Welland Display, 21-23 Sept

With the new dates being in school holidays, and John having already gone back to sea, it will be a slightly smaller AFS display than usual. Or to be precise, more focussed on AFS, without any red or grey appliances. We are still expecting four goddesses, and for the first time, one will be a yellow goddess that served in Northern Ireland. We are also expecting a wrecker, pipe carrier, and also for the first time, a mobile control unit, and two motorcycles (one Matchless and the other BSA). All vehicles have genuine AFS provenance.

 We will be doing a main display each day consisting of the convoy coming into the arena, escorted by the two motorcycles, and doing a couple of laps, while the wrecker stops for a ‘failed’ goddess, and attaches a towbar to bring the vehicle in.

The pipe carrier will be serving a dual role of carrying pipes and laying hose. Starting near the 2000-gallon dam, it will drop off our ‘spout’ made up of a length of poly pipe, with a 90-degree bend at the top end, and a collecting head at the bottom.

The pipe layer then sets off at speed (well, 15-20 mph), dropping off 6 lengths of 6-inch hose coupled together, making a big circle back to near the dam. Meanwhile, No 1 goddess will set her suction pipe into the dam, and couple on to the 6-inch delivery hose. The other goddesses follow the land rover behind the hose-laying truck, and at the correct points the officer in the land rover indicates where the goddesses are to split a joint and connect into the line as a relay pump. [In a real relay, the land rover would carry a device that measures rise and fall, and indicates how many lengths can be run before needing another relay pump].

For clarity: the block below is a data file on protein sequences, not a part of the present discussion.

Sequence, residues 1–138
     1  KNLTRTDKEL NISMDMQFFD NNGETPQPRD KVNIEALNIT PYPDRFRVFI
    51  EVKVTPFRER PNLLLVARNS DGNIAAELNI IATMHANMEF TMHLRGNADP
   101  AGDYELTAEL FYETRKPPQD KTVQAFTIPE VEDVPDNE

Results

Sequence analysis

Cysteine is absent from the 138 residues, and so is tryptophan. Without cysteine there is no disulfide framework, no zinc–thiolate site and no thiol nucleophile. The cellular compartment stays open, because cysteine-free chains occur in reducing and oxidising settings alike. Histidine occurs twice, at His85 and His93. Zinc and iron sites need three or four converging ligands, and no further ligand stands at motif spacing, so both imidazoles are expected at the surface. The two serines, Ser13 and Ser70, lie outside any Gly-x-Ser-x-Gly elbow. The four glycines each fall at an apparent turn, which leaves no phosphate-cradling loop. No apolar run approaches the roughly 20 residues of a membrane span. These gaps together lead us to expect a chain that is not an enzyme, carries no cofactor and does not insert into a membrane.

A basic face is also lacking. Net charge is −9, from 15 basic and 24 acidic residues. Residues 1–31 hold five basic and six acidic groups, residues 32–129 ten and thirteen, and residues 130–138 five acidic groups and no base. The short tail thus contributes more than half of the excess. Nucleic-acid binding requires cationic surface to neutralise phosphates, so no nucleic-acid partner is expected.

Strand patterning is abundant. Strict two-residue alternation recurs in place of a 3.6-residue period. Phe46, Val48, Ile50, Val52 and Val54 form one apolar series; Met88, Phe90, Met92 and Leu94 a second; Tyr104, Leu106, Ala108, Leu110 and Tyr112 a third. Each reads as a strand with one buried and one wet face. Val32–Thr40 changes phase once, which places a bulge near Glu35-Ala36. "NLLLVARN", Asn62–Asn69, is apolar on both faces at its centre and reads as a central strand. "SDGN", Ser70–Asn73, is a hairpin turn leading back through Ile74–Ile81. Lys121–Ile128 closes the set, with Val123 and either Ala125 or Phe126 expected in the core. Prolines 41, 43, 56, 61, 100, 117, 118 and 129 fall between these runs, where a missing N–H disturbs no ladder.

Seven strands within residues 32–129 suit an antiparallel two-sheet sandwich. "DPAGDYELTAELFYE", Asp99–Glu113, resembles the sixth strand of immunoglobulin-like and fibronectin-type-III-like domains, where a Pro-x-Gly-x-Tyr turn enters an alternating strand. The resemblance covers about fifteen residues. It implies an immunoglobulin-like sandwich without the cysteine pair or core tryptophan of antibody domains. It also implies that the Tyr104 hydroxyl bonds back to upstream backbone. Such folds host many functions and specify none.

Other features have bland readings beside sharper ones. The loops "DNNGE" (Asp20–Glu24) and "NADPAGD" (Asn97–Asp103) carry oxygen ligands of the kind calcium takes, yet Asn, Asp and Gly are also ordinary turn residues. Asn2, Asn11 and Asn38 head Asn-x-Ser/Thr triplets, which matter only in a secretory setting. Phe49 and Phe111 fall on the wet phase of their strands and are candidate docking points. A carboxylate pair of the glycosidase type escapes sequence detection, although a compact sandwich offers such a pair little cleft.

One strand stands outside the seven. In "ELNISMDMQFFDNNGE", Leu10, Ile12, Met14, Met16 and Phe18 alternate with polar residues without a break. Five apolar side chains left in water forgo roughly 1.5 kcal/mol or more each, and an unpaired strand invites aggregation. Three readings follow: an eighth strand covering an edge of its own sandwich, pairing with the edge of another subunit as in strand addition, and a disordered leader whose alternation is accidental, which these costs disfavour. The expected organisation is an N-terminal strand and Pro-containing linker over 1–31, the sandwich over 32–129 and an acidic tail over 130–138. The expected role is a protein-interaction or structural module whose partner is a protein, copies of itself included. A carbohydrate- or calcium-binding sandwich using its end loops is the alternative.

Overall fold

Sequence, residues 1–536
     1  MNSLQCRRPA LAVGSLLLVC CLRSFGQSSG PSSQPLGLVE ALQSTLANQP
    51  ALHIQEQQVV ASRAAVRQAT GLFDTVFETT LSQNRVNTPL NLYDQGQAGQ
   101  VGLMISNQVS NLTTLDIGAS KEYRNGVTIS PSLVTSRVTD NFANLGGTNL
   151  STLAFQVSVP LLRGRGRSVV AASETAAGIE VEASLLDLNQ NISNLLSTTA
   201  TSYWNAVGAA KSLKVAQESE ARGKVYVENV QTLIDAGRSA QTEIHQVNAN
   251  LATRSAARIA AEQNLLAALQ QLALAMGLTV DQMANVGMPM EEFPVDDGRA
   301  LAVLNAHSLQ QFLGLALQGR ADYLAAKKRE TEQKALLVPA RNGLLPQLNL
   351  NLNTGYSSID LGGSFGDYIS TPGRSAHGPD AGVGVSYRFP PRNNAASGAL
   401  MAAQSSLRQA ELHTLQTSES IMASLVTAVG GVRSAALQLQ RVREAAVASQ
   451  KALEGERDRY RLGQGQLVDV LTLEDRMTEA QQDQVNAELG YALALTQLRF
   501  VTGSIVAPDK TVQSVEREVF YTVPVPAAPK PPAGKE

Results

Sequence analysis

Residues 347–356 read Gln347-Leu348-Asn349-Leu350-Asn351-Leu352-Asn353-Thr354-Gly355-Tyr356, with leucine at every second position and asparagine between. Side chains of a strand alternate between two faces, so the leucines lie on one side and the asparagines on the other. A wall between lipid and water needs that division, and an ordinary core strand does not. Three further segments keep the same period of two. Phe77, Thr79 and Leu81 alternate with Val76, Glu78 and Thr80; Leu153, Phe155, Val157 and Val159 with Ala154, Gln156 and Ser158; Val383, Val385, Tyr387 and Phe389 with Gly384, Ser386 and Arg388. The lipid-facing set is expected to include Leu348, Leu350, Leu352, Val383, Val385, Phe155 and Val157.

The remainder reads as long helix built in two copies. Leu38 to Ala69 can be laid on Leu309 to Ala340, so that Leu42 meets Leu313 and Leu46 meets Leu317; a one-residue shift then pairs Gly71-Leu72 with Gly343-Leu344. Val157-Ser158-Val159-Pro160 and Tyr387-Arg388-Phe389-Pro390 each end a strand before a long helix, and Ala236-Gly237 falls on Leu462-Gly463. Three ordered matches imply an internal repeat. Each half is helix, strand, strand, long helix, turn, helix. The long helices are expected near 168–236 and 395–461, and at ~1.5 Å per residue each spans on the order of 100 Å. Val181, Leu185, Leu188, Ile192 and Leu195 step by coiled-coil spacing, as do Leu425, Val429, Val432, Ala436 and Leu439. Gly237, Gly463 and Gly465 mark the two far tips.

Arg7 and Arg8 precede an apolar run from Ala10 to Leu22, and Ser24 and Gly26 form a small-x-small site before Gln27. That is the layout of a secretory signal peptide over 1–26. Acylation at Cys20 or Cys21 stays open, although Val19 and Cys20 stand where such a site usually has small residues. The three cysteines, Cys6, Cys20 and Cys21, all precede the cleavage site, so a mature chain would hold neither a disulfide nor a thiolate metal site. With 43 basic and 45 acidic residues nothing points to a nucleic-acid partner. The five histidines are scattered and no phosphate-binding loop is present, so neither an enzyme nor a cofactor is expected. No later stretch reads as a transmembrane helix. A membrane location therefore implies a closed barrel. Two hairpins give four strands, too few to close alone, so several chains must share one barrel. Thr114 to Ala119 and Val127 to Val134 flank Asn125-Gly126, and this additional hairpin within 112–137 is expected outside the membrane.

By this time, the wrecker will be back at the dam, and will reverse up to the spout, and raise it into place with the crane jib on its back. The crew will be running 4 or 8 lengths of standard delivery hose from the last goddess to the collecting head at the foot of the spout.

While this is happening, the first goddess will prime the pump, and as there is no stop valve on the 6-inch delivery, water will start to run round the hose, through the second goddess and up to the third.  By now, the crew should have at least one of the delivery hoses run, so water can start to come to the spout. As the 2nd, 3rd and 4th are connected, water pressure can gradually be increased up to the maximum flow of 900 gallons (or 4 tons) per minute.

After running it for a minute or two, we will stop the engine of No 1 pump (as that is the only way to stop it pumping) and then when no more water can be scavenged from the pipe, the crew will split the hose at every joint to let the water drain out. (On Sunday only, we will disconnect the 4 delivery hoses from the collecting head and replace them with branches, and spray water into the centre of the arena as we need to empty the dam).

The pipe carrier will then start it’s round gathering in the hose, while the goddesses move out of the way. It will drive centrally over the hose, while a team of four on the back haul up the hose and flake it out on the back of the truck. Finally, the wrecker will drop the spout onto the back of the truck, and the convoy will leave the arena, escorted by the motor cycles.

Note that we are on at a different time each day. Check the programme.

On the Saturday, we will be going on a road run to a local pub, getting back in time to be on fire duty during the evening fireworks. We will also be providing emergency cover for small fires throughout, and for steam engine water shortages in the evenings.

About lowdhamstation

I am a director of a small (and very technical) business, a committed Christian, a Reader (and preacher) in my local village church, husband to my dear Frances, am interested in heritage railways, and heritage fire engines. I currently run a group that displays wartime and early post-war fire engines at 1940s re-enacting events and steam engine rallies. O yes, and vintage cars and motorbikes, and we live in a Victorian railway station.
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